…with John McDonnell explaining the plans for a new vote

Labour will table its second referendum proposal within a fortnight, John McDonnell said last night. The party’s own plan for a softer Brexit including a customs union with the EU was defeated once more in a Commons vote yesterday. Jeremy Corbyn issued an ambiguous statement in response to the defeat, saying that Labour would back a new EU referendum but also that the party would continue to push for other plans to stop Theresa May’s Brexit deal or a no-deal departure. Mr McDonnell, the shadow chancellor, moved to clarify Labour’s plans, telling ITV’s Peston: “When the meaningful vote comes back, and we are told maybe that might be on March 12, there are rumours today that it could be next week, we will see — that’s the time when we will have to put the amendment up.” But he added: “We are still going to argue that we want a general election, we are still going to argue we think our deal that we have put up was the best option. But we realise . . . we have got to break this deadlock.” Mr Corbyn’s proposals for a customs union with the EU and close alignment to the single market were defeated by 323 votes to 240. – The Times (£)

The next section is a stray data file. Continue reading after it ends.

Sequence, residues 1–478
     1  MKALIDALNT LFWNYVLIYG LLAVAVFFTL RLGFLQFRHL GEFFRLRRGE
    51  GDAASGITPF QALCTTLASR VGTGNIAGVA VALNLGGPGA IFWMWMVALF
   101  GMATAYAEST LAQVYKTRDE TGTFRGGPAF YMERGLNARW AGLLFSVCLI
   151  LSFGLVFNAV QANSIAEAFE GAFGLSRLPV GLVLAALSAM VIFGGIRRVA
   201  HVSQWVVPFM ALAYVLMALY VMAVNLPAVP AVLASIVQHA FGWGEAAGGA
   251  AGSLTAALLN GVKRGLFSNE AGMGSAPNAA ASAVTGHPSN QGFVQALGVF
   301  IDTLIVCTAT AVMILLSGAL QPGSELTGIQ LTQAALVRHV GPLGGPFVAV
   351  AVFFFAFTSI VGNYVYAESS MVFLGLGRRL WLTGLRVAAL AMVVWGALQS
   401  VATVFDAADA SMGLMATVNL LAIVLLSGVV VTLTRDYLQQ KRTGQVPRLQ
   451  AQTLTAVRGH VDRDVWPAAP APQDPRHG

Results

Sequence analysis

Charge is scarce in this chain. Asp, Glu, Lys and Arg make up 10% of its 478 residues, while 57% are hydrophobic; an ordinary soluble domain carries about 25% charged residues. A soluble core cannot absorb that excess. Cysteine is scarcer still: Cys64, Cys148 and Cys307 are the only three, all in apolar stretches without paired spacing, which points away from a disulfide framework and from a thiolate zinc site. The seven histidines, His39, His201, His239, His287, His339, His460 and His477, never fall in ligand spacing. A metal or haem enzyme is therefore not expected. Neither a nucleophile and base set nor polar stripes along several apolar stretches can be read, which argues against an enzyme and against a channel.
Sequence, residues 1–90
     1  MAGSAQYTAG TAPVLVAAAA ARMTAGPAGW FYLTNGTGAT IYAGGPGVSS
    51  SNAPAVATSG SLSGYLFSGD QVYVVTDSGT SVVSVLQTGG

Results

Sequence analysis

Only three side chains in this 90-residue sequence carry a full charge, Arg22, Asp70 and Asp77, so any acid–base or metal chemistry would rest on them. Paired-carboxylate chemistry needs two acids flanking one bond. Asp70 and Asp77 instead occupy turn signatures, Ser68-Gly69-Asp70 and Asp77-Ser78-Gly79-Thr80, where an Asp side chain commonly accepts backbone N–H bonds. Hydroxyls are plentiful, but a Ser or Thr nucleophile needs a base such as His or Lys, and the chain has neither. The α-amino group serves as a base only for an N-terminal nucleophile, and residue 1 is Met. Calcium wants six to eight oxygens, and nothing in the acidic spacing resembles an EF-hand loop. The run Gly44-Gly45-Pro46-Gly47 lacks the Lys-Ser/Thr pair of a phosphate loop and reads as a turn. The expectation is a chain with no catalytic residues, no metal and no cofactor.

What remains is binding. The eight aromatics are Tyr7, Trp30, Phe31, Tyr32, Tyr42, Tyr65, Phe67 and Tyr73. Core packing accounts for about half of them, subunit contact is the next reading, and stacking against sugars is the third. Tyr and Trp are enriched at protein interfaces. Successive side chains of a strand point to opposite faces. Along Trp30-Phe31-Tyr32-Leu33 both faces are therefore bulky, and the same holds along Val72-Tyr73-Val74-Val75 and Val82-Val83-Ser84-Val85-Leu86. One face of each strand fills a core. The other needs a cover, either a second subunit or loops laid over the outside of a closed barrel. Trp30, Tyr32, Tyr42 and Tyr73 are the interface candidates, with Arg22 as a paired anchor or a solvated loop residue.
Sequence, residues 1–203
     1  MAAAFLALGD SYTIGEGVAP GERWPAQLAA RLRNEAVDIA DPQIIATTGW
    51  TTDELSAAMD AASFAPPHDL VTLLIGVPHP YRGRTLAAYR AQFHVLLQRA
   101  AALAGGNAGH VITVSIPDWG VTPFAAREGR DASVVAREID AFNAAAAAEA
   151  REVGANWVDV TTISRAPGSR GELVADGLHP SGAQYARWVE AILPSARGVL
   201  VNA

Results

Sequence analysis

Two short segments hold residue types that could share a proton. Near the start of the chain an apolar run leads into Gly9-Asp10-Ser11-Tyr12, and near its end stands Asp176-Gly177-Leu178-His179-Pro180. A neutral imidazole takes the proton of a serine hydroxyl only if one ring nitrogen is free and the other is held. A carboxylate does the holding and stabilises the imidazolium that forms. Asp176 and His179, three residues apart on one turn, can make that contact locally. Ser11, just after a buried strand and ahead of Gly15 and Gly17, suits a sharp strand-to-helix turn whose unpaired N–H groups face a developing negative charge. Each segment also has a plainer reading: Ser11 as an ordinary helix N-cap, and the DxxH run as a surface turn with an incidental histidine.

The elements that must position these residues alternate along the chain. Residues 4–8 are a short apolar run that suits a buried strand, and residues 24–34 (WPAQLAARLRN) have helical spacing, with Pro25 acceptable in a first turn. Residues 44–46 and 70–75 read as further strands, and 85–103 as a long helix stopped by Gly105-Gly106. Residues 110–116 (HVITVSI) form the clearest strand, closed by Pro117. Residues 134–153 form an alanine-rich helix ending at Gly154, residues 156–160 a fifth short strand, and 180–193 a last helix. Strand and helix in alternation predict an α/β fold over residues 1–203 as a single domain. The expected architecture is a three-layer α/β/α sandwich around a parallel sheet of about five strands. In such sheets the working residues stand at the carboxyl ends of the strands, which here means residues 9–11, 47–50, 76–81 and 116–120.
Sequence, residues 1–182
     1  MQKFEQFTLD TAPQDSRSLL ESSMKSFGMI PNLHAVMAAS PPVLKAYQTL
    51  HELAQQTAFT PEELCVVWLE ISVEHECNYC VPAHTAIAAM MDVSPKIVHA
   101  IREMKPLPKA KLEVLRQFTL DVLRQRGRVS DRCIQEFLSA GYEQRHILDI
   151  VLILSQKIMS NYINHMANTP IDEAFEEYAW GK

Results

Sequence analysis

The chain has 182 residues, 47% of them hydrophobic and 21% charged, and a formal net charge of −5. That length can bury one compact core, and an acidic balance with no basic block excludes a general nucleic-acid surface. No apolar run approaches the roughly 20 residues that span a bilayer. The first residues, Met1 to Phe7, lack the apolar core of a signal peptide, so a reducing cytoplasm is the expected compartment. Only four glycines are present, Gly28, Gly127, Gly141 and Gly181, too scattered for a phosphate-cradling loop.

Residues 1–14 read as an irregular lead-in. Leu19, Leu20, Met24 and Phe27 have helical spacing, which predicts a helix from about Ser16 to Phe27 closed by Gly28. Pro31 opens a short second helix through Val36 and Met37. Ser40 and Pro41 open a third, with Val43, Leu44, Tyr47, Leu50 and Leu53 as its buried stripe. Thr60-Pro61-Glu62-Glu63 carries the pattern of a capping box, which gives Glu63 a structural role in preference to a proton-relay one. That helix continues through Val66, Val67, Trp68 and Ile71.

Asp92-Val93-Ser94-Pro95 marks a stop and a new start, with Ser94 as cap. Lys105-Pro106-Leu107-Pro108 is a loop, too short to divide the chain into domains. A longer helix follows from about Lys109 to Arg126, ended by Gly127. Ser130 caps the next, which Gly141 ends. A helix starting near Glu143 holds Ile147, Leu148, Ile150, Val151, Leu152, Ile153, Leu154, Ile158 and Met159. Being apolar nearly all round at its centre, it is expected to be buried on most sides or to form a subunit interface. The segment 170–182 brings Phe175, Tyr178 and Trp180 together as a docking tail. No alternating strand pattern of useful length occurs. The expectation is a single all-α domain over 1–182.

• Labour to push for second Brexit referendum after meaningful vote, says John McDonnell – ITV News

May woos Labour MPs to back her deal with cash and easier strikes